Lol! Thank you Loreto! I feel much the same about green onions. Cannot leave the produce section without a few bunches.
Amber Harrop says
Beer makes a great tempura batter – I used it on Zucchini flowers and I love the look of this recipe too
The best tempura batter:) OMG, I wish I could get my hands on some zucchini flowers, sounds too good!
This is a fantastic recipe and makes me wonder why I never thought of it. Cannot wait to try it.
You will love them Leanna! They taste so much better than regular onion rings!
kristin mccarthy says
This is one hell of a snack!
[email protected] says
This has my name written all over it! Anything tempura’d makes me happy! And green onions are an absolute favorite! Pinned!
Thanks, Annie! I feel the same about green onions, they are just the best!
Dawn - Girl Heart Food says
I love tempura!! And because you used veggies, it’s totally healthy, right 😉 ? Ok, maybe not so much, but I could still eat a whole bunch of this! Love that you used sesame oil in the batter too. I think I’d have to double this recipe cause I wouldn’t want to share 🙂
Hehe! Of course Dawn!
Kelsie | the itsy-bitsy kitchen says
Oooohhh I love tempura anything! I don’t think I’ve ever had tempura green onions though. These look totally dangerous :). Have a great long weekend, Milena!
Thank you Kelsie, hope you do too! Same here – tempura is just so addictive, I even eat the small pieces without anything inside, lol!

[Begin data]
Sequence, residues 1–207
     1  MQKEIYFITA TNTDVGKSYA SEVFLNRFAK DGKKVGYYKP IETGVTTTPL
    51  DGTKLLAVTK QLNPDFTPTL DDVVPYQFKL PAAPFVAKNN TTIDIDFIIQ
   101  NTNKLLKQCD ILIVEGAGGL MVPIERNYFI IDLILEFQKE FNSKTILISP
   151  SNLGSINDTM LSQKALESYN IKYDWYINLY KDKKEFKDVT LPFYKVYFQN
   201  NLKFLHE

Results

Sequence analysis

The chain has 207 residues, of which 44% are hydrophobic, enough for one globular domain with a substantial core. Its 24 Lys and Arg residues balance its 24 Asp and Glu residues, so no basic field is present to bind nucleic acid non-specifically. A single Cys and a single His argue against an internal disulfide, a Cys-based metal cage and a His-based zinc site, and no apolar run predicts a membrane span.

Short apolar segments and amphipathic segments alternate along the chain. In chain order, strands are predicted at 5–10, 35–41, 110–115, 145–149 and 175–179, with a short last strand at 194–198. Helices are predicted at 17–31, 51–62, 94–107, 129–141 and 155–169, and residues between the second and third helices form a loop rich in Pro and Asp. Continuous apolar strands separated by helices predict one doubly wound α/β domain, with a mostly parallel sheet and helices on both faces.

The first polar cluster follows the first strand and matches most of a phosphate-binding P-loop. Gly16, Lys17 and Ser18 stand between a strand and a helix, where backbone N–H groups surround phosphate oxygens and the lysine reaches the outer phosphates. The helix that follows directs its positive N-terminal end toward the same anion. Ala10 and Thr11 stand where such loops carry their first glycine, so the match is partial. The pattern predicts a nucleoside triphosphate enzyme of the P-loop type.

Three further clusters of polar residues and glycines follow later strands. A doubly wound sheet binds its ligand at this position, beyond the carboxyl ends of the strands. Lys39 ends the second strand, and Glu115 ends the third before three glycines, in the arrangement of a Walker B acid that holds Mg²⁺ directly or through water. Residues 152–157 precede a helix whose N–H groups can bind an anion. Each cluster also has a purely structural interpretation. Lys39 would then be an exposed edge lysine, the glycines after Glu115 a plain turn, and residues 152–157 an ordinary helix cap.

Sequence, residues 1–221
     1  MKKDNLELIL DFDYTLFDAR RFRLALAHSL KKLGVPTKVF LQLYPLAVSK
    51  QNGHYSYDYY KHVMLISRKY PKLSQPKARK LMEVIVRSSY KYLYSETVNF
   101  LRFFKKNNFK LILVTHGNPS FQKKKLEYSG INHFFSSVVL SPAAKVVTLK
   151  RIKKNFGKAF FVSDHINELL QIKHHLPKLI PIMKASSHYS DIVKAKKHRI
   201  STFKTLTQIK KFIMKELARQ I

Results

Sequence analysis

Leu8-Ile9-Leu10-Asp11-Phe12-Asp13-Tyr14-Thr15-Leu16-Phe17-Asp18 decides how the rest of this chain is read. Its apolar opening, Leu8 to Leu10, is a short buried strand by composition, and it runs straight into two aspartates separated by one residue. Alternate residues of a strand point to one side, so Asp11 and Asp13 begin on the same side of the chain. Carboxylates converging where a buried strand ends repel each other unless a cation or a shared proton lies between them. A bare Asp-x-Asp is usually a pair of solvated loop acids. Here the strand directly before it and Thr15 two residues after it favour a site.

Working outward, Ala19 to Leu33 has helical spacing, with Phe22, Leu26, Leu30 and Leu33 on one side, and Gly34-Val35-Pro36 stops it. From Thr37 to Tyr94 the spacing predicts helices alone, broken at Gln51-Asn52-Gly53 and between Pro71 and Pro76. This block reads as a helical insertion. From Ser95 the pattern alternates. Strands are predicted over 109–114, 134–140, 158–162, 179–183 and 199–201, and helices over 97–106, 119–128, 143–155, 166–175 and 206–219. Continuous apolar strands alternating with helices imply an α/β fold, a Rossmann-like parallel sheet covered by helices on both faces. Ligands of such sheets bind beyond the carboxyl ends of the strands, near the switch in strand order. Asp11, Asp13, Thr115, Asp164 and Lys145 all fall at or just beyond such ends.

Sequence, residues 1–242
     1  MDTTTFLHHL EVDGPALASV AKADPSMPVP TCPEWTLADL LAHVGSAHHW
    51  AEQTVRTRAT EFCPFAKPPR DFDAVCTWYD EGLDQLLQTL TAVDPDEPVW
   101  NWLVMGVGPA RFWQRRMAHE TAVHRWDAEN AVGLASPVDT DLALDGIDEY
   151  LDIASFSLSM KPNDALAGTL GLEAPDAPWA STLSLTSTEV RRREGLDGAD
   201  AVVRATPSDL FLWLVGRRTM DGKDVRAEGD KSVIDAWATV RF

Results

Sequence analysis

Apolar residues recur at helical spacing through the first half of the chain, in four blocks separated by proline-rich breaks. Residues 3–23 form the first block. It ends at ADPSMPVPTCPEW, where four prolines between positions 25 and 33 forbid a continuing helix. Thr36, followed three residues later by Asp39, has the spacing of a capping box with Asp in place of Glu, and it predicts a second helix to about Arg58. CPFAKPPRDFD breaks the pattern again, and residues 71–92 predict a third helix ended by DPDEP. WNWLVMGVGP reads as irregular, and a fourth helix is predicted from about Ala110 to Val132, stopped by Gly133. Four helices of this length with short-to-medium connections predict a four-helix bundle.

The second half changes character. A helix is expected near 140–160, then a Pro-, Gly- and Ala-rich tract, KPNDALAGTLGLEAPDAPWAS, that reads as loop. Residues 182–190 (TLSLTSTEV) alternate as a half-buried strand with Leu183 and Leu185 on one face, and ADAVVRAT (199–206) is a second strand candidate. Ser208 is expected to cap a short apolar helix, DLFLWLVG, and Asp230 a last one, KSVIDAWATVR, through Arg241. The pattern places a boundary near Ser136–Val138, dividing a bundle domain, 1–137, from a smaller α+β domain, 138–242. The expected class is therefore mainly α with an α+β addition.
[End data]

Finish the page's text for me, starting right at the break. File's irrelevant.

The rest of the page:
Jennifer @ Seasons and Suppers says
Love! I could eat my weight in tempura vegetables 🙂 This fabulous German beer must add wonderful flavour.
You and I both Jennifer! Love tempura:)
Rachelle @ Beer Girl Cooks says
I know what you mean about the space. Fortunately, we are now able to ferment both ales and lagers at home. I’ve brewed an ale style Doppelbock several times and it always turns out amazing! Maibocks and Doppelbocks are some of my favorites. I’m loving these beer tempura green onions! I’ve never actually had anything like this, but it sounds good and I agree that craft beer in the batter is a MUST! Cheers!
Cheers Rachelle! I bet it’s great to be able to turn your lagers at home. I’ve come to really appreciate the work and attention that go into brewing lagers even though I usually only assist with minor tasks:) I’m definitely much better of a beer taste tester:)